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Legalize Oysters!

By Susannah Black
October 9, 2015


Oyster restoration is a region-wide project, not one confined to New York State.  The waters of the estuary don’t recognize state boundaries– but the same can’t be said of the decisions of legislatures.  And so, while in New York State oyster restoration is moving forward, across the river in New Jersey, a very different story’s been playing out… 

In New Jersey, oyster restoration is all but impossible, thanks to well-intentioned but restrictive legislation. A recent bill which would have legalized restoration passed– but only in a gutted form which does nothing to address the restrictions, nothing to enable New Jersey to join New York in this crucial work of restoration.  For BOP to be a truly effective estuary-wide ecosystem restoration project, this has to change.

Through Billion Oyster Project we are working to restore New York Harbor and reconnect our metropolitan community to the water.  Restoring the Harbor means restoring the ecosystem function that has been lost through the destruction of the native oyster reefs.  We believe that the Harbor is a natural resource to which we’re all entitled– and one that has been taken from us.  BOP is not only resiliency, ecosystem restoration, public education, waste stream reduction and storm protection; it is also an initiative that will activate the metropolitan community to restore and appreciate their greatest natural resource.

Oyster restoration and research are currently banned in New Jersey waters that are certified as “closed” or “restricted.”  All of New York Harbor is either closed or restricted.  This ban prevents Billion Oyster Project from operating in New Jersey or with New Jersey public schools.

In effect, the New Jersey waters have been designated as “too dirty to clean.”

The oysters are seen as a public health risk and not as the native species they are, essential for ecosystem function.  In New York this native species is critical to resiliency efforts– efforts which have been embraced by public school teachers– and are beginning to play an increasingly important role in proactive planning for global climate change.


Unfortunately, the story is different on the other side of the river.  In New Jersey, oysters are not tools for building resiliency or engaging students.  They cannot be used as a lens to focus learning or as a biological filter to help clean our degraded waterways. Students and teachers are already asking us for oysters.  New Jersey students and teachers deserve the same opportunities and access to the same programs as their peers across the river.

On Thursday, 9/24, bi-partisan bill S2617 (sponsored by Senator Cardinale) went before the New Jersey State Senate for a floor vote. That bill was intended to lift NJDEP’s ban and allow NY/NJ Baykeeper to work in public waters once again– and it would have enabled BOP to expand into our sister state. The bill’s original language can be found here. To learn more, see the fact sheet here.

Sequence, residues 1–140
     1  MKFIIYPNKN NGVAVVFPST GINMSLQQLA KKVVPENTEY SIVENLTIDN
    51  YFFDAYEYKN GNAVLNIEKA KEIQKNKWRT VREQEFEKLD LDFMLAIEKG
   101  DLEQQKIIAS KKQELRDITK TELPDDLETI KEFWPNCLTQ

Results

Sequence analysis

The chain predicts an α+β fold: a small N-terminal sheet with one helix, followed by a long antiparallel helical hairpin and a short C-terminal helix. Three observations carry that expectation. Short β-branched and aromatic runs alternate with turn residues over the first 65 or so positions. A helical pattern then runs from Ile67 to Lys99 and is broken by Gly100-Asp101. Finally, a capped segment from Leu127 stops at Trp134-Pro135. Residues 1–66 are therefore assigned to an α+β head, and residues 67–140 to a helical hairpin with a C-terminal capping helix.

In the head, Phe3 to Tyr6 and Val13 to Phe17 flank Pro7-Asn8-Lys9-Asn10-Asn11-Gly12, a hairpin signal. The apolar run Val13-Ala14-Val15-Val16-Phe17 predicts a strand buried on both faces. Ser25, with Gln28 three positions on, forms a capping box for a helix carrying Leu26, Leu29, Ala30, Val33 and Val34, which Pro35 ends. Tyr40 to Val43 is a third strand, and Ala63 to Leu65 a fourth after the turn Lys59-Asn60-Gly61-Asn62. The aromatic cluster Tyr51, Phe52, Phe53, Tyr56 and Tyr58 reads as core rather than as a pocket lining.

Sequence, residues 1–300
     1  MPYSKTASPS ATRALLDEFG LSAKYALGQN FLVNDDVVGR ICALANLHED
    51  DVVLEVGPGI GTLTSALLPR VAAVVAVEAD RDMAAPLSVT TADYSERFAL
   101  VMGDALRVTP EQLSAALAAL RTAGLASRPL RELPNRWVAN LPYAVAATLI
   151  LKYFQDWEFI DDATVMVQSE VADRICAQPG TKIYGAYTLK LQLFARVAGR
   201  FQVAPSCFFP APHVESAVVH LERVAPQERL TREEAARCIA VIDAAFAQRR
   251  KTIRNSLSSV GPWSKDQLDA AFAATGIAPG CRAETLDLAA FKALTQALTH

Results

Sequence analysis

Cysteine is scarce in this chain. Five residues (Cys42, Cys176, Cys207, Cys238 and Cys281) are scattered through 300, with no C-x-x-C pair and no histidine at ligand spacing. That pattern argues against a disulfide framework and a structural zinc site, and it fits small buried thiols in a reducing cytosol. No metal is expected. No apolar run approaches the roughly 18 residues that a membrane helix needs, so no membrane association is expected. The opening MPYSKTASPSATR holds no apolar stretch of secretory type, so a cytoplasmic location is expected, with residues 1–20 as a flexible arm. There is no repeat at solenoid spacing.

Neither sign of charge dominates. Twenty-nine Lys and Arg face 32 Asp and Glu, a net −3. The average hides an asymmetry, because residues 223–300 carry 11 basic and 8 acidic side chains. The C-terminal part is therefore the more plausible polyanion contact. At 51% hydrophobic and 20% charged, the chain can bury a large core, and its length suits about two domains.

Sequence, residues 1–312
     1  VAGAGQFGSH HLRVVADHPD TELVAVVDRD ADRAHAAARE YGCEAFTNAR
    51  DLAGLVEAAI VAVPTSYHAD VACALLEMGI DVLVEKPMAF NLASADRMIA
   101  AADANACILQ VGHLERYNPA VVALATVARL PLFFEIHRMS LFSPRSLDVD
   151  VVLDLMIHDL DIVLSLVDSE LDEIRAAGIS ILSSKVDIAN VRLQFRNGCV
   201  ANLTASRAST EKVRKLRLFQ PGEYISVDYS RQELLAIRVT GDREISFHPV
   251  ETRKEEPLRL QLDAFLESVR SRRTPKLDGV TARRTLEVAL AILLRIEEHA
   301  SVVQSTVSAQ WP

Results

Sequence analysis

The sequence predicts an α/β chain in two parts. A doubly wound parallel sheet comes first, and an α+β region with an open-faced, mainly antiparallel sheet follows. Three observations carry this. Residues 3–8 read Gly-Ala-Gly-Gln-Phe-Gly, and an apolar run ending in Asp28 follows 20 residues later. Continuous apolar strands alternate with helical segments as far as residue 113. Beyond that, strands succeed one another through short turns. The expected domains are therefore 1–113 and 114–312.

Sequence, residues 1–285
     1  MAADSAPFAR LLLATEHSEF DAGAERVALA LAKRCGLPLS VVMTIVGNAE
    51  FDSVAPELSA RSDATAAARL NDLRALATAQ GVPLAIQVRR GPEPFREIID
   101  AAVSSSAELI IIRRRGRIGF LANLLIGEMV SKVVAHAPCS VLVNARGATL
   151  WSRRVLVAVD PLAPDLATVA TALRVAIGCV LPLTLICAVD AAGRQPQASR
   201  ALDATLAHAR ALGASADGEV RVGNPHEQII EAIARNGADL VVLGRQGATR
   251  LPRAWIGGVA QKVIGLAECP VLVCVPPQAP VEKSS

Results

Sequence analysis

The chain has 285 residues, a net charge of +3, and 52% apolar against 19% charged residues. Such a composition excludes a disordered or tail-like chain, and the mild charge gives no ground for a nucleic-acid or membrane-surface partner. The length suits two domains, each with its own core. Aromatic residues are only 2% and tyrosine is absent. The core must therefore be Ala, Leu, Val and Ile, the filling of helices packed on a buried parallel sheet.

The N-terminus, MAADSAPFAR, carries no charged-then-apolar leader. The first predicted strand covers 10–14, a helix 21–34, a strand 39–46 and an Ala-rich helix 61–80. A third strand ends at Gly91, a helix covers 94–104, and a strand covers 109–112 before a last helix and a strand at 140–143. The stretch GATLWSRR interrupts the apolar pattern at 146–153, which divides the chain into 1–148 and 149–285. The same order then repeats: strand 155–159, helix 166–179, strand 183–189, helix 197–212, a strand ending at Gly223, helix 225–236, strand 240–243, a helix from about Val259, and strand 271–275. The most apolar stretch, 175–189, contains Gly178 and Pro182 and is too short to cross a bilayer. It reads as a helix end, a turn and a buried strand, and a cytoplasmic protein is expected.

Here’s what happened Thursday: the bill passed, 35-0– but with emergency amendments added which effectively re-instituted restrictions; the language of the amendments is such that restoration permits will be nearly impossible to obtain.

We need your help.  New York/New Jersey Baykeeper has been working to repeal this ban since it was put in place in 2010 and they were forced to destroy their research projects in Raritan Bay. They are our partners in oyster restoration and should be yours in working to repeal the ban on oyster restoration and research.  Please follow their guidance detailed below and LET US KNOW if you take action: contact us at, and cc Baykeeper:

Here’s how you can help:

  • Contact NJDEP Commissioner Bob Martin at or 609-292-2885 and Governor Chris Christie at 609-292-6000 and tell them that shellfish can protect YOU AND YOUR FAMILY from flooding by naturally strengthening our coasts and it’s time to reverse the ban on shellfish research, restoration, and education programs!

  • Call your Assemblypersons and urge them to support the strong bi-partisan Assembly version of the bill, A3944.

  • Contact Assemblyman Garcia, the sponsor of the bill and thank him for his leadership at or 201-714-4960.

  • Submit a Letter to the Editor to your local paper. Email for examples.

  • Tweet @NJDEP @njassemblydems @GovChristie or your Assemblypersons the following tweets:​

~Don’t let #NJ students fall behind on shellfish research.

~Support A3944 #Oysters4Resiliency

~Oyster reefs act as a buffer against coastal flooding! Support A3944 #Oysters4Resilience

Follow New York/New Jersey Baykeeper on Facebook, Twitter, and Instagram for up-to-date details– and use the memes on this page to support us on your own accounts!

For more information and ways you can help, please visit their website at  If you’ve got specific questions, feel free to reach out to Sandra Meola ( or Debbie Mans (

Thank you for your continued support.  Please do not hesitate to reach out or to share your stories as you take on this important work.

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